As we are told everyday in popular culture and by Congress, it’s dangerous to draw broad conclusions about a large class of people from the actions of a small subset. So why should we take it as a given that all young illegal immigrants brought here as minors by their parents are good? It might be heartless to toss them out of a country where they have spent most of their lives but that does not mean they are good people. It simply means we are a good country. But no country has open borders. We have not had open borders since 1921. We get to choose which immigrants we take. Ideally, we should have certain criteria we want in new arrivals: a high I.Q., a skill set enabling the immigrant to find work in our advanced economy, a commitment to our political principles (i.e., no Sharia law), and no indication of substance abuse or a criminal record. Some of these factors are discussed with regard to DACA and the “dreamers” but not all. For example, what if the young person dropped out of school? Or has a low I.Q.? Or refuses to learn English?
It seems from media reports that most of those who signed up for the DACA program, finished high school, are working, and are literate. I do not know if any criminal background checks were performed or fingerprints were checked against FBI databases, which is customary when people apply for visas. If they were, then these DACA recipients are very sympathetic candidates for being given legal status. However, I would never allow them to become citizens. They entered this country illegally, and giving them citizenship rewards their parents’ lawlessness.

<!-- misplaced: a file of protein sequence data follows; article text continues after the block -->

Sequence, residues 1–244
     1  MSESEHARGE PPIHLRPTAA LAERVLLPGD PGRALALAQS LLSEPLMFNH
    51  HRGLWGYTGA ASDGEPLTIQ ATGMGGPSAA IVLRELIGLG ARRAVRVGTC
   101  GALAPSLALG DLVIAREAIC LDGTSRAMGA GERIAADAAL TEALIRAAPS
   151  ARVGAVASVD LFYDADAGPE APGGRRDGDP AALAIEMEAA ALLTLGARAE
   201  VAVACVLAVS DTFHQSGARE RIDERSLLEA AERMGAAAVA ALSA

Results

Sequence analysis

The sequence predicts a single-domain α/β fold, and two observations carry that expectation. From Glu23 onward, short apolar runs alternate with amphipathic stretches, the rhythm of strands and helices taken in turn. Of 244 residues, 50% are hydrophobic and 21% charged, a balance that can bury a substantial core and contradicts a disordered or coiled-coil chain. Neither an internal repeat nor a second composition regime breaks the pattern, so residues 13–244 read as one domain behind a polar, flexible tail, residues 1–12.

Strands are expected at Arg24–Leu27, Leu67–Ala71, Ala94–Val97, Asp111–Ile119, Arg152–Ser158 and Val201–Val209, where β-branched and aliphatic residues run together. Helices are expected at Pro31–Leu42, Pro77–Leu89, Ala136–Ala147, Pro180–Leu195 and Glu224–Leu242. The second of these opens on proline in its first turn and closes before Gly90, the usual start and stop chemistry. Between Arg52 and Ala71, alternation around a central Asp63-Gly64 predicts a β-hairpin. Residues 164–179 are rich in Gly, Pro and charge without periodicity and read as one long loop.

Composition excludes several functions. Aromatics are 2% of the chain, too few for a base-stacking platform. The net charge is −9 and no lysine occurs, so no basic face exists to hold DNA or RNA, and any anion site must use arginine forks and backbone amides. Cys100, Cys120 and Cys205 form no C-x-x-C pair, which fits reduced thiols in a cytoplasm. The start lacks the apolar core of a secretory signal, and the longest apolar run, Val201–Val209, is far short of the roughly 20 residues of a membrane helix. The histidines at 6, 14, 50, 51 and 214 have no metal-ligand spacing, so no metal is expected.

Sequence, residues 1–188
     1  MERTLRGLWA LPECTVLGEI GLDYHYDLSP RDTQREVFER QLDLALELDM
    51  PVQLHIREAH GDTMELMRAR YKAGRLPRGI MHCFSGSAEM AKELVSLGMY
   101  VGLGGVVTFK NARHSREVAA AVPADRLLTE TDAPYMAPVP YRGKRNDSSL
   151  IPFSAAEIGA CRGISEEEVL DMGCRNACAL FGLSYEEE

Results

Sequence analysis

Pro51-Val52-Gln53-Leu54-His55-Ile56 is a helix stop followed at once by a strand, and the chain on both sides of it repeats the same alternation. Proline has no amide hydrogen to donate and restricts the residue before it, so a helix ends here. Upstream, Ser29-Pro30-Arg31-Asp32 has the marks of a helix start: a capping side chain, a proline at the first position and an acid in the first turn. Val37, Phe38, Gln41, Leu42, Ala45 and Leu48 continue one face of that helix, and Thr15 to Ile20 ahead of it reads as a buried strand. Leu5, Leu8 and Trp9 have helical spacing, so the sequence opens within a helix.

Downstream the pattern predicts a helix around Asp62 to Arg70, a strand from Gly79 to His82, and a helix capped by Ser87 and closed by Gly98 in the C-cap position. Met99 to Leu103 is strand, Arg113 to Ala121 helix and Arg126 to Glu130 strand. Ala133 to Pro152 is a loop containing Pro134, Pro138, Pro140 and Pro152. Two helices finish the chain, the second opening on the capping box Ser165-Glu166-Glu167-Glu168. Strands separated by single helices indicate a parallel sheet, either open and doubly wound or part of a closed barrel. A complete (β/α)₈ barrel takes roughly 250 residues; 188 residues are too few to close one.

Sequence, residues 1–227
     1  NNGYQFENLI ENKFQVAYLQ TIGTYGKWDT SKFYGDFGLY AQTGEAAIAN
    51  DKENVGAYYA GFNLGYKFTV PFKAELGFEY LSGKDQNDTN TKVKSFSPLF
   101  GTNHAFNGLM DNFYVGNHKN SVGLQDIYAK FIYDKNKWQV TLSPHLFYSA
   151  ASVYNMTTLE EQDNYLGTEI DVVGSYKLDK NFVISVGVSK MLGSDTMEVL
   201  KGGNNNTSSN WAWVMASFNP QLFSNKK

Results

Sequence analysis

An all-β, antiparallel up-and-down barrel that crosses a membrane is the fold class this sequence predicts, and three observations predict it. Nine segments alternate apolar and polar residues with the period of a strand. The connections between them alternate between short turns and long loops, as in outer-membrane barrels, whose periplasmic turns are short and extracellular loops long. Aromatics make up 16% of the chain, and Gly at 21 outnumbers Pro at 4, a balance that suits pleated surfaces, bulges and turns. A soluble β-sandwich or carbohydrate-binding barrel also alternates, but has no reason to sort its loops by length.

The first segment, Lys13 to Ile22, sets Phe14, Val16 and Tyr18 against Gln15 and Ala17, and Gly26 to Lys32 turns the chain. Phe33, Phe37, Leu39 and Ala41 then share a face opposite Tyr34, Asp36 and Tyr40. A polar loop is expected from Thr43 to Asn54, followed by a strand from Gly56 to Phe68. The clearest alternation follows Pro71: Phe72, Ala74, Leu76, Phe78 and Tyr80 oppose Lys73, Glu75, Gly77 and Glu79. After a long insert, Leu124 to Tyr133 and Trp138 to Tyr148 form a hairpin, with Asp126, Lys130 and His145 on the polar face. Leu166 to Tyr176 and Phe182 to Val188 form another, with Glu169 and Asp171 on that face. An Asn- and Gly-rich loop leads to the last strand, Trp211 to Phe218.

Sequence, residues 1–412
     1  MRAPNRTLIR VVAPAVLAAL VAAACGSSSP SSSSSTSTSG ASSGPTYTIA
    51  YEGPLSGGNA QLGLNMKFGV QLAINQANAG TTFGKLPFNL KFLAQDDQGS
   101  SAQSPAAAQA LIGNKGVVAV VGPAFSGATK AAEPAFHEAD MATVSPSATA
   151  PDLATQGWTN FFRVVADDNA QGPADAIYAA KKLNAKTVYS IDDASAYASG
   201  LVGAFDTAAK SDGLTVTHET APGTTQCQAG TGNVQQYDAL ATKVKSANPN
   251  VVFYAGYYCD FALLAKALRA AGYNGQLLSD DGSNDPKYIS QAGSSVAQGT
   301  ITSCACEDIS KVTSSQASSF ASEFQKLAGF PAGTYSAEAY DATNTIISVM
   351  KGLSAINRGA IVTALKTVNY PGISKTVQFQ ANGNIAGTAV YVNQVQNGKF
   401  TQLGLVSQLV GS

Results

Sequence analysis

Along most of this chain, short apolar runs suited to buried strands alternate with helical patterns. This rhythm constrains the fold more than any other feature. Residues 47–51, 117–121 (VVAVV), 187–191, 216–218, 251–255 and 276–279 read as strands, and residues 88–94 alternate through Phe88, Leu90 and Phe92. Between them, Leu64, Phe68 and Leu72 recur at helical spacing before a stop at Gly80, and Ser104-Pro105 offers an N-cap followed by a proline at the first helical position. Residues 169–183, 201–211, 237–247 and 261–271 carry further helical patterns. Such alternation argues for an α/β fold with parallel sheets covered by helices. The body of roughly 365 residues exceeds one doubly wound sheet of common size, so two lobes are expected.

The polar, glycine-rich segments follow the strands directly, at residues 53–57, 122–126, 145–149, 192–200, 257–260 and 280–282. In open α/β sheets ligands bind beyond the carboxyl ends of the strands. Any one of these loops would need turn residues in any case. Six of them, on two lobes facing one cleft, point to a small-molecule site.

Republicans should refuse to pass a DACA bill unless they get something meaningful on immigration, such as mandatory e-verify for all employers (though the system is flawed because it puts employers, the beneficiaries of illegal labor, in charge of enforcement), the RAISE Act and/or the end of birthright citizenship. Birthright citizenship has not been tested in the Supreme Court since 1898. It’s time to get back there. Judge Richard Posner wrote it is silly and can be abolished by statute.
As to the esteemed Judge who retired last week, I’ll really miss him. I devoured his opinions and his excellent, terse prose. He brought his cases to life and challenged the sloppy, stale way most lawyers and judges express themselves. He was no friend of civil RICO, but in his last RICO decision in 2011 applied statistics to the case to bring it back from an early death. It changed the causation analysis in the Seventh Circuit. It was good for good RICO cases.
He began his career as a Judge in 1981, when the judiciary was pro-civil litigation. It moved strongly in the other way in the next 30 years. But then he believed the pendulum had swung too far in favor of markets and corporations. He had the honesty to admit he may have been wrong. I’m not aware of any other judge who has done so while he was on the bench. He was singular in his impact and candor.